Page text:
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A personal breast cancer account: Diagnosis

Published On: Oct 22 2012 10:38:56 AM CDT
Updated On: Nov 05 2012 01:19:23 PM CST
Cancer definition

iStock/firebrandphotography

By Pure Matters

Do we want to know? No!!! Okay, yes, we do want to know. As women, we want to learn, understand, and gather every detail about our diagnosis with breast cancer. As women, whether we are mothers, wives or friends, we usually feel and believe that we know and understand our world and our bodies. Yet, when something like this comes out of nowhere, all of a sudden our safe, secure world comes crashing down in the blink of an eye. One question is the same for all women regardless of age, race, religion: “Why Me?”

My story began with a delayed diagnosis. Self-Awareness and Self-Advocacy would be the caveat for my early detection or so I thought….

Awaiting the pathology results was rough. I wanted to be strong for my two young daughters. Therefore, I continued my daily routine of car pools, school, and after-school activities by living in the present because I felt that each day was truly a gift. My doctor told me he’d want to meet with me in his office regardless of the results. The long awaited call finally came. I could tell by the doctor’s tone of voice that the pathology report was positive for malignancy. I went to meet with the doctor that afternoon. As it turns out, I had two types of cancer: Stage 1- Ductal Carcinoma which were the calcifications that were seen on my one and only mammogram and Stage 2- in situ carcinoma which was the tumor that I had felt. UGH!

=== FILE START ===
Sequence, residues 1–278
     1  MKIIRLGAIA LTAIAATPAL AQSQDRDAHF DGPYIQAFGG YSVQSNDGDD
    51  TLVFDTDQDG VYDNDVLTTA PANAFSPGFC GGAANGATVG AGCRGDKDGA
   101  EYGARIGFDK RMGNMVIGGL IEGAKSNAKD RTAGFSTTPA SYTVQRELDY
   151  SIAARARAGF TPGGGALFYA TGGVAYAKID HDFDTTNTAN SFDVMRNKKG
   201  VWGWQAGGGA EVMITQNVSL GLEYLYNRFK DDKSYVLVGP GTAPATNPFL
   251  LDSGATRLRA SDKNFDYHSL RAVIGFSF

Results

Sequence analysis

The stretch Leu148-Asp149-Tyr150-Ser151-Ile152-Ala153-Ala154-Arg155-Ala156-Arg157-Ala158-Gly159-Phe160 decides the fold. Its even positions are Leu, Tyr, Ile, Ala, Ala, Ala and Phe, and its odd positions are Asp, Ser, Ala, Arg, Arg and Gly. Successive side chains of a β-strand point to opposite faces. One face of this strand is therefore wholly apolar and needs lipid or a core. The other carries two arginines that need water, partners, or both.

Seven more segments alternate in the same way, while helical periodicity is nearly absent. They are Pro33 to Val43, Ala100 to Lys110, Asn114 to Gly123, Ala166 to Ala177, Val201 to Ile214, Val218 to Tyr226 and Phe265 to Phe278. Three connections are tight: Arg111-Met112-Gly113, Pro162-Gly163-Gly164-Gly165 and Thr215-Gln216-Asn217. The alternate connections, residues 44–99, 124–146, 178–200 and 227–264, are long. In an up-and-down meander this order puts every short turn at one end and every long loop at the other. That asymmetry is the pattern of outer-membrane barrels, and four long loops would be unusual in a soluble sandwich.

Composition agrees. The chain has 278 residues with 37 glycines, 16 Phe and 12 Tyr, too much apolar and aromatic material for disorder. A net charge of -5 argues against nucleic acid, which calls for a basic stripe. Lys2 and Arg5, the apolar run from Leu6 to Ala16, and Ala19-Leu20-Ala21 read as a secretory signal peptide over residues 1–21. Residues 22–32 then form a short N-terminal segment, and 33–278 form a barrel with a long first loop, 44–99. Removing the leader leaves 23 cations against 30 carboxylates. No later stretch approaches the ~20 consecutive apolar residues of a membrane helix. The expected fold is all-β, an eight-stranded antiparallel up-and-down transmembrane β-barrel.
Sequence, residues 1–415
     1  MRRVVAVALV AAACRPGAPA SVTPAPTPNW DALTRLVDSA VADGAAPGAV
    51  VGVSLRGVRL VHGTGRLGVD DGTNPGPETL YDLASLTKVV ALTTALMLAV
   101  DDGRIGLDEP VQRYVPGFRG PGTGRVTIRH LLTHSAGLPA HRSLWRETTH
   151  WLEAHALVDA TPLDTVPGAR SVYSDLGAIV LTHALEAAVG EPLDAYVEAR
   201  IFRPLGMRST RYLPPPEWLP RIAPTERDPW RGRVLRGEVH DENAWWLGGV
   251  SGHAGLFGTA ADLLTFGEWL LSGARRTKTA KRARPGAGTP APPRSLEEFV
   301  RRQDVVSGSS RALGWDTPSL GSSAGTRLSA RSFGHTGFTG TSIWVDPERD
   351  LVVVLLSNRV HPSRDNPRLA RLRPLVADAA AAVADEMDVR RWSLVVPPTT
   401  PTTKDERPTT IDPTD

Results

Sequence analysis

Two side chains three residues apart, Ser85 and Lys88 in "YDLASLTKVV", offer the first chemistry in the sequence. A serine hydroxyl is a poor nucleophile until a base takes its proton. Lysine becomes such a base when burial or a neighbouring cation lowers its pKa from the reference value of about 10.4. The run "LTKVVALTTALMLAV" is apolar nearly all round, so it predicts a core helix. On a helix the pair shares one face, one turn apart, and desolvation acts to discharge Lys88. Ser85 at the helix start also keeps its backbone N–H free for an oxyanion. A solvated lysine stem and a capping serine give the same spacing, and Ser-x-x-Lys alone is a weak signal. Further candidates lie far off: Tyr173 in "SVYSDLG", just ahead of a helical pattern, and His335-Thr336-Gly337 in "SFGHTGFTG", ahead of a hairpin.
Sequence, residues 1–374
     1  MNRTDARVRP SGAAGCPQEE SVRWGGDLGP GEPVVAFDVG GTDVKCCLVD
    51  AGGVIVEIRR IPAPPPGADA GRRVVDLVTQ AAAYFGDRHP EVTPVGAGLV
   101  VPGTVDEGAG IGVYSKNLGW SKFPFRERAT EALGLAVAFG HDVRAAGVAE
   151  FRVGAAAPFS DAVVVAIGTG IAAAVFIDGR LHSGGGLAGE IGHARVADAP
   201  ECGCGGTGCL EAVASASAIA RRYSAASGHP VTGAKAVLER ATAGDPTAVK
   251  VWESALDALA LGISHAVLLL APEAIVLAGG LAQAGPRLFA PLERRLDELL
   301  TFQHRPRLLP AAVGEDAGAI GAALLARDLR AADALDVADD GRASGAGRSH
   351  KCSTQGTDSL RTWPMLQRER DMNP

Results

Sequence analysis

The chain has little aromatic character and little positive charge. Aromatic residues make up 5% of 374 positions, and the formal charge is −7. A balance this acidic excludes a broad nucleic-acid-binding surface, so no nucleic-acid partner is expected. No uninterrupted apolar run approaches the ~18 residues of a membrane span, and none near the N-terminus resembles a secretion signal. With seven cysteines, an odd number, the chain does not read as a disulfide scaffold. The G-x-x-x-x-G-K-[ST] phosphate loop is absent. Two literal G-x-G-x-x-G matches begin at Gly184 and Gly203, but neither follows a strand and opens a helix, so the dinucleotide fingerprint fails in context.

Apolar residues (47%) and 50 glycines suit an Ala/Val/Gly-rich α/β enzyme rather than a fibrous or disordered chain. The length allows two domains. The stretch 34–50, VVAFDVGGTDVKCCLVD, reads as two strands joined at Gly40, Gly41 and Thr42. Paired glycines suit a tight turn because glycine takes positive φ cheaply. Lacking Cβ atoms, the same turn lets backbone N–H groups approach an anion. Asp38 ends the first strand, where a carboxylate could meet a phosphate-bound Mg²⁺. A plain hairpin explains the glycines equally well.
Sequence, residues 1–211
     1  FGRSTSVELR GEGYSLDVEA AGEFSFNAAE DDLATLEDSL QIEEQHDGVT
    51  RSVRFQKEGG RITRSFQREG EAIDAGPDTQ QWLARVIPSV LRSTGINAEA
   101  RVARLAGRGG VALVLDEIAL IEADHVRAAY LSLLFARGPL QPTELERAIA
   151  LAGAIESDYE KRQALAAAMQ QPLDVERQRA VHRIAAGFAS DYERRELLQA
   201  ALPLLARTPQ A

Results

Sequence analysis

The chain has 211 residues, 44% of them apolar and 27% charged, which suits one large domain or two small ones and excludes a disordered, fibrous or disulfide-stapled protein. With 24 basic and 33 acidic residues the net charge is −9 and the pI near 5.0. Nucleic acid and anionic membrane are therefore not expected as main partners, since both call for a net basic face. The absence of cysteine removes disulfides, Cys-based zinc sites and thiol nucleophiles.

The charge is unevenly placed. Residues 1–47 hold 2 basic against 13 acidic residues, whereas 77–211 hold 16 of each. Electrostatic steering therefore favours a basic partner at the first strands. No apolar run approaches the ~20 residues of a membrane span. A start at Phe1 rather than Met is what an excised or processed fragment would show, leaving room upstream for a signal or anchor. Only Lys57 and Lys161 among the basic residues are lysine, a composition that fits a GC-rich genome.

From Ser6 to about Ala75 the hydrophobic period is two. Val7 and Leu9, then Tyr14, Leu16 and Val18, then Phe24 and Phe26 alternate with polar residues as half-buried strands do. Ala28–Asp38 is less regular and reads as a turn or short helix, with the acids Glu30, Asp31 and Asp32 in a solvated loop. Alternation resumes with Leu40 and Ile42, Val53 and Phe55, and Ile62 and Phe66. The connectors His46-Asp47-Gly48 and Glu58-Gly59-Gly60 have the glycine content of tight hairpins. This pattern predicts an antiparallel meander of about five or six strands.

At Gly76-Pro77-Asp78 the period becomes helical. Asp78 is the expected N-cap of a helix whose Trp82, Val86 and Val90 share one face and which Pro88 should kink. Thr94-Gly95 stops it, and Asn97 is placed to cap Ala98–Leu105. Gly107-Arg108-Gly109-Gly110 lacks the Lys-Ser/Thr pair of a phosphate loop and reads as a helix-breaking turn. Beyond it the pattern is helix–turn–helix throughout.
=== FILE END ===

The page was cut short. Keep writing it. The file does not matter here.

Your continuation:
I sat there crying, but not in disbelief of my pathology results. I’d suspected this outcome. I was crying because all I could think about were my daughters. What this would mean for their future healthcare. I was now the third generation affected by this dreadful disease. I drove home replaying the news in my head. I began to freak out about my carpool schedules and how I would be able to help my mom with her rounds of chemotherapy. The drive home was a blur.

My decision was clear. I decided to have a double mastectomy for simply symmetry. And of course, to reduce the risk of getting breast cancer in the other breast! The next step was to meet with my general surgeon to discuss my surgery options. My surgeon was on board with my decision due to my family history. And, I would also have to have something called expanders. They are placed inside the chest cavity during the double mastectomy.

Now that the type of surgery type was decided, can you say APPOINTMENTS? Appointments needed to be scheduled with different specialties from plastic surgeons to general surgeons, oncologists to radioncologists, internists to dermatologists. My life as a stay-at-home mom ended. I now had a full-time job as a breast cancer patient. The responsibilities included scheduling and coordinating doctor appointments and surgeries. My surgery was scheduled within a week and a half of my biopsy.

Lying in my hospital bed after surgery, I was in excruciating pain. I have a high pain threshold and wasn’t expecting to feel like I couldn’t breathe -- especially considering the morphine drip was dripping at a racecar pace. As it turns out, I needed an IV of valium to relax the muscles. Once I had the valium, the excruciating pain diminished and became more manageable. Part of the surgery/treatment plan was to have expanders placed in my chest. These expanders, over the course of the next eight months, would incrementally be filled.

The news just kept getting worse! I had 0-2 markers in my lymph nodes which meant chemotherapy. Therefore, chemotherapy would be the beginning of my treatment.

Source: http://blog.purematters.com/prevention/my-personal-account-of-breast-cancer-part-2-diagnosis